Hackaday Prize 2022: Turning Big Box Trash Into Art Student Treasure

How can the big box store mix the perfect shade of English Wedgwood right before your eyes? The answer is in highly-concentrated pigments that come in many different sizes up to a whopping five gallons. Now, just imagine the amount of watercolor, acrylic, or other types of paint that could be made by simply scraping the walls of an empty 5-gallon tub, which you know is just getting thrown away with all that usable pigment inside.

Not only is [technoplastique] making watercolors and other paints out of these pigments, but their true focus is on creating an easily-reproducible process for turning not just pigments into paint, but other things as well, like dried turmeric, charcoal, or any other feasible material.

The process will likely take the form of an open-source three-roller milling machine, which are commonly used in paint manufacture. Basically you have three rollers that process the pigment and binder, and the mixture is run through as many times as necessary. Although they are fairly simple machines in design, building them to work well requires adherence to precise technical specs.

We can’t wait to see what [technoplastique] comes up with to use for the stainless steel rollers. The rest of the plan involves a Raspberry Pi Pico, one DC motor per roller, a motor shield, and a power supply, but the rollers are pretty crucial. If you have any ideas other than steel rolling pins (the kitchen kind) or pipe couplings (which are too short, anyway), let us know in the comments!

11 thoughts on “Hackaday Prize 2022: Turning Big Box Trash Into Art Student Treasure

  1. Plunder the corpse of a dying industry, doesn’t web offset printing such as used for newspapers and magazines use rollers for similar reasons? Guess plant sales would be the whole caboodle, not piece by piece though. If you can find a press that’s gone to the scrapper though…

    Another avenue to explore would be gravity roller conveyors for the food industries.

  2. > just imagine the amount of watercolor, acrylic, or other types of paint that could be made by simply scraping the walls of an empty 5-gallon tub

    I did, and it’s not very much. Literally scraping the bottom of the barrel gives you like one button of water color? Two?

    For the amount of effort spent, you won’t get a lot of painting done.

    1. Don’t forget, these are pigments and not paint. Typically there would be only a few millilitres of pigment (if that) used in a 4 litre can of paint. Looking at the photo above, you’d likely get quite a few litres of paint out of those cans.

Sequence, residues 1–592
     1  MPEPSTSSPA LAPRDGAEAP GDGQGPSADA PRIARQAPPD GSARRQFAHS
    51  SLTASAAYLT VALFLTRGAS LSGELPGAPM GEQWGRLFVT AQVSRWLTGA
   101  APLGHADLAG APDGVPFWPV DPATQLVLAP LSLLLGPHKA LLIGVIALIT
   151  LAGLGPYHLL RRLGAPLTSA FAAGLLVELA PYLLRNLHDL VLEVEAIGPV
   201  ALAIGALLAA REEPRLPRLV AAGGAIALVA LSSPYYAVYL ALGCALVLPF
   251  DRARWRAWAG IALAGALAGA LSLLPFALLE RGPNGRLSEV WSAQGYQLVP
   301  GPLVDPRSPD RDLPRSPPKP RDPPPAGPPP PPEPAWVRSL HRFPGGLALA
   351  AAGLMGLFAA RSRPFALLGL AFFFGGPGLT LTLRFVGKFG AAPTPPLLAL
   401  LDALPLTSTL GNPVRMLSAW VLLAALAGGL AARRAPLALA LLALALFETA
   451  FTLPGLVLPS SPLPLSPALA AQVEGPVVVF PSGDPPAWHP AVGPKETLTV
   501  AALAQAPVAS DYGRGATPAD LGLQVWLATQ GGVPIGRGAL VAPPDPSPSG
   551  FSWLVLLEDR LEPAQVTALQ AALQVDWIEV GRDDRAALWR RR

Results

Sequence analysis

1. Come again?

        If there’s only a few mills on pigment in a can, and you collect less than a percentage point of that from the residual, then reason says you only have a very small amount of pigment left. When you remove the solvent and press the solid pigment that into a water color button, you’re left with… what?

        1. I think what’s going on here is that those aren’t the cans of paint that go out to the customer–they’re the cans of concentrated pigments that get *mixed into* the paint base to *make* the paint that goes out to the customer. If that’s the case, then ratio of pigment to not-pigment in those leftovers is MUCH higher than what you’d get in the final paint product.

          A spoonful of pigment base could make a cup or a pint of paint.

        2. Two different spots here I think are getting confused

          Paints are usually only about 10-15% pigment (the rest being binders, solvents, etc), sometimes somewhat more for artist grade (up to like 20%-25%)

          Paint shops regularly discard cans of pigment that still have a few oz of pigment in them; I work at one and we probably toss close to a quart every week or two.

          So if you have a contact at a paint shop who can collect them instead of tossing them, you can use the waste to produce a decent amount of artist-grade paint; especially when you consider how much longer a quart lasts for an artist vs for painting a wall

  3. He’s using pigments for water-based paints, so I think is quite profitable to recover those pigments.
    Rinsing the pigments in a lot of water to extract as much binde as posible could leave an exellent quality powdered binder.
    You can also look for the pigment code to know exactly what chemical it is and make your formulations from there.

    The roller mill is not a must, you could achive a great result usign Glass (or stone) Muller, it’s labor intensive, but for small quantities it can be done quickly.

  4. If you want a small milling machine, see if you can get one from a compounding pharmacy (that stops compounding, or stops altogether). Pharmacies use mills like this to (further) homogenize ointments and creams, when there are conglomerates of active ingredient in the base.

Leave a Reply

Please be kind and respectful to help make the comments section excellent. (Comment Policy)

This site uses Akismet to reduce spam. Learn how your comment data is processed.